Tags: disability, disability and love, disability and marriage, disability and relationships, interability marriage, Megan Cutter, travel and disability
We’ve received many questions about our trip to HI- where did we visit, why did we go, how did we get around, is Hawaii accessible? When we found out that Barton’s uncle passed away earlier this year, we knew there was talk of a family reunion in Hawaii. We had dreams of lazing by the ocean sipping Pina Coladas and Margaritas. However, when we found out that Barton’s contract would be frozen and with all of the uncertainty that goes along with that, we put off our dreams. We assumed we would either know if his contract was being renewed and be celebrating or if we would be closing up our house and finding another way of life.
Yet, the uncertainty remained as Barton’s contract was extended for a few more months, but not yet fully renewed either. In the mean time, we put our feet to work to discover new work opportunities. So our focus shifted from a full vacation or what we expected the summer to look like to family sustainability.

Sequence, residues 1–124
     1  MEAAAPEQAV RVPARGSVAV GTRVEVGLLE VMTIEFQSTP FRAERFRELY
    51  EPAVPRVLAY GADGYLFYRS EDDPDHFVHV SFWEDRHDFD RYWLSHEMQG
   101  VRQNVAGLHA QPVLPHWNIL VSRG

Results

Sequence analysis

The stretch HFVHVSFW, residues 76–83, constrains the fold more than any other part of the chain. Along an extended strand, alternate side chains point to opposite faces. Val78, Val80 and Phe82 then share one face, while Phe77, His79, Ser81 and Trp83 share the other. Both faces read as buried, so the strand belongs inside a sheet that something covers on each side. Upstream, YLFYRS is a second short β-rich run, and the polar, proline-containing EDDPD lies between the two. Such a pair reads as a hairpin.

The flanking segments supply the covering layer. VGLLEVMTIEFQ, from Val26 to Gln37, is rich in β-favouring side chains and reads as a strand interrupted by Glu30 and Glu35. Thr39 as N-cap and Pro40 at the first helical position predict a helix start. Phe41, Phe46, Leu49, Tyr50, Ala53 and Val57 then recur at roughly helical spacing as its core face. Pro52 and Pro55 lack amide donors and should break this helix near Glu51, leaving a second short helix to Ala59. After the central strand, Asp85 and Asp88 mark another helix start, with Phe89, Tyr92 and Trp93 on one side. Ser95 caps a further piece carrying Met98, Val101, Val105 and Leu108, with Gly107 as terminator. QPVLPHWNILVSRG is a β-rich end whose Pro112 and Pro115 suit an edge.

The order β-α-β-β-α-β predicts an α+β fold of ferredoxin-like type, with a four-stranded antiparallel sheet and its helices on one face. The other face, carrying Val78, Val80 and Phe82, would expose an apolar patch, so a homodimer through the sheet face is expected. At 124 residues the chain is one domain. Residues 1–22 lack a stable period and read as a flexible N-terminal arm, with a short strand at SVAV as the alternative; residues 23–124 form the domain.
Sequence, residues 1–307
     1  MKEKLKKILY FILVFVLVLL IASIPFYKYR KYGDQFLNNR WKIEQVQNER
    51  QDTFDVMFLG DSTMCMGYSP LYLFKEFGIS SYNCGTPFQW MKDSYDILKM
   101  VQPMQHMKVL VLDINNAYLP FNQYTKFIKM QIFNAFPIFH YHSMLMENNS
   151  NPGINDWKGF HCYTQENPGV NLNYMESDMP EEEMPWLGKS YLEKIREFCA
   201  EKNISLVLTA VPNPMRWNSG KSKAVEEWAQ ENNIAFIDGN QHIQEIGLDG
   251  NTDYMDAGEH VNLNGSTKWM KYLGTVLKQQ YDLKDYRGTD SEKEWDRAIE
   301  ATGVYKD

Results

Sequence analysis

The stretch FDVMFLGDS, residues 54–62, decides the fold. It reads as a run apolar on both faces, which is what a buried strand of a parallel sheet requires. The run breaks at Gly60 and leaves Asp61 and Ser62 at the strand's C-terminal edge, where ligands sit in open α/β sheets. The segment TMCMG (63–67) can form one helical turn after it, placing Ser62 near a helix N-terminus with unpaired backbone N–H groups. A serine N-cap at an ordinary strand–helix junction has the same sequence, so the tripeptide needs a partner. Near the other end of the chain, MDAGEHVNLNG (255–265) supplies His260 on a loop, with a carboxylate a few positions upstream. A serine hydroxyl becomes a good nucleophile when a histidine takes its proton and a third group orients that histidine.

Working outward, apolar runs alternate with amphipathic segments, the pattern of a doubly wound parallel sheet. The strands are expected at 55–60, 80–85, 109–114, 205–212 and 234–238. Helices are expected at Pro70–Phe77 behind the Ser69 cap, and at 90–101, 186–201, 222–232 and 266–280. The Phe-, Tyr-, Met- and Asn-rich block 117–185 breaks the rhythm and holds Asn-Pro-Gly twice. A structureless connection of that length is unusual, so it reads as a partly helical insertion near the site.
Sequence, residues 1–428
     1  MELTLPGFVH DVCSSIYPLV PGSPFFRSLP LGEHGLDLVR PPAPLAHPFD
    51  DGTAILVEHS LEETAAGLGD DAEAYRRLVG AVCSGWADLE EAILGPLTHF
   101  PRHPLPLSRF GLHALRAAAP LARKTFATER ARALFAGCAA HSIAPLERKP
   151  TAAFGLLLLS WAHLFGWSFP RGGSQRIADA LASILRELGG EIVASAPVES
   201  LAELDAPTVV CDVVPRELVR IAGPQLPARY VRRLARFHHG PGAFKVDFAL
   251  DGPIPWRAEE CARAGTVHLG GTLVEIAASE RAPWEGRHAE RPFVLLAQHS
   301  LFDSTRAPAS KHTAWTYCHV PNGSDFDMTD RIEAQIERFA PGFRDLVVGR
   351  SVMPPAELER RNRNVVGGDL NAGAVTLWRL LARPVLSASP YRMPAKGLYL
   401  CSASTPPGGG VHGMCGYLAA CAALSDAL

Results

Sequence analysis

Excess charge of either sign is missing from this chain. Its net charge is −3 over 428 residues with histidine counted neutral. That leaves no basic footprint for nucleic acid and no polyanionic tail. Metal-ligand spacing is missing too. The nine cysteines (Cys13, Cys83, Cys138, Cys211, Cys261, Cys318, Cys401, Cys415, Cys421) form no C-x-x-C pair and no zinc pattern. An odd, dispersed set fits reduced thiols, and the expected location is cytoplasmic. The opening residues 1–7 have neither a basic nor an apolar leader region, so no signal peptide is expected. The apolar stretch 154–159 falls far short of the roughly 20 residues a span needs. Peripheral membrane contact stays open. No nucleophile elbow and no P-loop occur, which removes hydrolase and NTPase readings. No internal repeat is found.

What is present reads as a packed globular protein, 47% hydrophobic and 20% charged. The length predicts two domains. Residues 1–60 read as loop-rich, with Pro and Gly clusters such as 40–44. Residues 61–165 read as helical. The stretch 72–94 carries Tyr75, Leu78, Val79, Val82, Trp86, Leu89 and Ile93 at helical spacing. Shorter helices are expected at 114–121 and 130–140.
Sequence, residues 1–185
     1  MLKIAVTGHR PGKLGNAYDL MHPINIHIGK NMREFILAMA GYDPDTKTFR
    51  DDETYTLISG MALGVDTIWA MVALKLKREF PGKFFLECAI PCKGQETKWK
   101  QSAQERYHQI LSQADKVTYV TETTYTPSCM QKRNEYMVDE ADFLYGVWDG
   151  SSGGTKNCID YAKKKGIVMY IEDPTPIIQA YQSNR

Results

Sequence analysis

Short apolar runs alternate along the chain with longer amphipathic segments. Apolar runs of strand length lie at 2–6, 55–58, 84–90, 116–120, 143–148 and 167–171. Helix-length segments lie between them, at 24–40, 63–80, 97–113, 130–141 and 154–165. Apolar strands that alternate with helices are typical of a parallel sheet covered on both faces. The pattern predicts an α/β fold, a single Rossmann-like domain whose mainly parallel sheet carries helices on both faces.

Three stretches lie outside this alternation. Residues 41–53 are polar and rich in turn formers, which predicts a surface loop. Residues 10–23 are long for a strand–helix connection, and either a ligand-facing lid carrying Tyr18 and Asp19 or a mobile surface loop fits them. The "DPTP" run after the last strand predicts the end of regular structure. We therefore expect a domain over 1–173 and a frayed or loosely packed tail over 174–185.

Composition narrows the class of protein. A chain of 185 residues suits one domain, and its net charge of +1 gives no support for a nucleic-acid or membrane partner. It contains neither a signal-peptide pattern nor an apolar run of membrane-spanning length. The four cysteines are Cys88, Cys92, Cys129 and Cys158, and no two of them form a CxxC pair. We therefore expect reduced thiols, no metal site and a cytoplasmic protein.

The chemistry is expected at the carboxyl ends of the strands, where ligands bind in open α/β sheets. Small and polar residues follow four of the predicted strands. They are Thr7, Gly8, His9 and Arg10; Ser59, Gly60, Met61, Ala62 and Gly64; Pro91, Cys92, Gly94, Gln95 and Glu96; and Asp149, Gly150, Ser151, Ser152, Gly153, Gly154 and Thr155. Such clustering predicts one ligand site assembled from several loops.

Barton’s family hosted us for an amazing week of adventure, renewal and relaxation, and one of Barton’s best buddies hosted us for two weekends in Honolulu also full of fun and adventure. We are so appreciative of our family and friends who gave us the time we needed to step back, take a breath of fresh air and relax.
With all of the external craziness we experienced with finding new work, a major house repair, losing AC and Barton’s 24-hour bug, we literally packed the day before we left. As exhausted as we were, we were still too excited to sleep on the plane.